Figure 5. ODM virtual system patterns
ODM virtual system patterns

If you highlight the ODM Clustered Pattern, the details of the pattern are displayed in the canvas. Note that the value of the field In the cloud now is none. This is because we have not yet deployed the pattern. The topology of the patterns is shown in the main canvas. Figure 6 shows the ODM Clustered Pattern topology. If you hover over any of those images the details about that software component are displayed.

Figure 6. ODM Clustered Pattern topology in Pure Application System
ODM clustered pattern topology in Pure Application System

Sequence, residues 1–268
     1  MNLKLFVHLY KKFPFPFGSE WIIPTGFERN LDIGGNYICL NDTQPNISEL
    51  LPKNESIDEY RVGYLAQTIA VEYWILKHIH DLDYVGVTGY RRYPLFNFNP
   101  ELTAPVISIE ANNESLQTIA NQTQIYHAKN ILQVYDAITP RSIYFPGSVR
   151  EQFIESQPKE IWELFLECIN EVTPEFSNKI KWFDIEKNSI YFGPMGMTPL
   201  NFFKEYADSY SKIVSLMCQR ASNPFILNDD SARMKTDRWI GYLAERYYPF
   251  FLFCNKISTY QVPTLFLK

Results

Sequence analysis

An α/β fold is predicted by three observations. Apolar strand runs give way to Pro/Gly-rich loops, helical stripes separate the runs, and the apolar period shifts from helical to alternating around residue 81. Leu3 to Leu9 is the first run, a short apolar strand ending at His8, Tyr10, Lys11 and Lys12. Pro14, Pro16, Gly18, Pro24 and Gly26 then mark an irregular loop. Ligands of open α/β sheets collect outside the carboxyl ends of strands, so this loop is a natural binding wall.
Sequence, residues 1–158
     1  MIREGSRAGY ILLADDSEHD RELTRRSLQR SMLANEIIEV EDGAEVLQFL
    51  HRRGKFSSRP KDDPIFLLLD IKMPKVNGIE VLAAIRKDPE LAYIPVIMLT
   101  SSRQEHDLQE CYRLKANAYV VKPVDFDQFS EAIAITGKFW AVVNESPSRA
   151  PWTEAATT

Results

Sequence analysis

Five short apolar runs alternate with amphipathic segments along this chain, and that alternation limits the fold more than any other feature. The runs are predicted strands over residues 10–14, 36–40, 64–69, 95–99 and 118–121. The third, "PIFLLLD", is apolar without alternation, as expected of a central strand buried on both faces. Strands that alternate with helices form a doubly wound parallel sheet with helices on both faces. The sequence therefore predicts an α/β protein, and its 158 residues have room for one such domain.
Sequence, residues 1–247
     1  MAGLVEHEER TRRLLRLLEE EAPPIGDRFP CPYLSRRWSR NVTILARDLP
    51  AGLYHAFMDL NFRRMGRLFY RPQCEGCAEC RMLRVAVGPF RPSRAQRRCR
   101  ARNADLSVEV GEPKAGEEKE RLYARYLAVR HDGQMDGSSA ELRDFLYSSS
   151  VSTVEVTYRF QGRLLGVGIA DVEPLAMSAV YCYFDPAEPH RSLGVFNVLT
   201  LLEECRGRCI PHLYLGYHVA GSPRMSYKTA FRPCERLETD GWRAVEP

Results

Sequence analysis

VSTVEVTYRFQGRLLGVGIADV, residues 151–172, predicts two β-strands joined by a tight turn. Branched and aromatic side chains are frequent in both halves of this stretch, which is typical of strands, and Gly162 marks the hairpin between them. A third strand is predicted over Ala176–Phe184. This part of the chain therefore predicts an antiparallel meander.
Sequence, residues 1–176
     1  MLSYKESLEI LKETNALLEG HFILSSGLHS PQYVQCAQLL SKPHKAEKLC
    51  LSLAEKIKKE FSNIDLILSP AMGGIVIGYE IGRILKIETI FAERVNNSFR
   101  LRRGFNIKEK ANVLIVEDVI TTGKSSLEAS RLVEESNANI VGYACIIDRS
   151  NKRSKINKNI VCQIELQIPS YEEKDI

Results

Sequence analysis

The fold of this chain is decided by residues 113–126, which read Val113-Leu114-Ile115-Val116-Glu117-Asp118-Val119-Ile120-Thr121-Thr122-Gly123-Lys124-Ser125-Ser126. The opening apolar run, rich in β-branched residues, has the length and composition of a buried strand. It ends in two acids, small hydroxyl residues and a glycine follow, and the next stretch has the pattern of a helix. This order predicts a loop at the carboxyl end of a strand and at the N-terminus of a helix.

Note: The number in the top left of some of the boxes is the spinner. You can increase (or decrease) those components to achieve scaling.

As described earlier, there are two virtual system patterns in the ODM image:

  • The ODM Clustered Pattern contains two Decision Center nodes, two Decision Server nodes, a Rule Execution Server and a database. These are fully-clustered production-ready topologies complete with Deployment Manager and fronted by a web server. The database is DB2® and the web server is IBM HTTP Server.
  • The ODM Decision Server Pattern, shown in Figure 7, is similar, but without the Decision Center, and serves as the runtime environment. This is also a clustered pattern, which contains remote messaging and remote support environments spread over multiple virtual machines. It is typically used to run business rules applications in either a test or a production environment.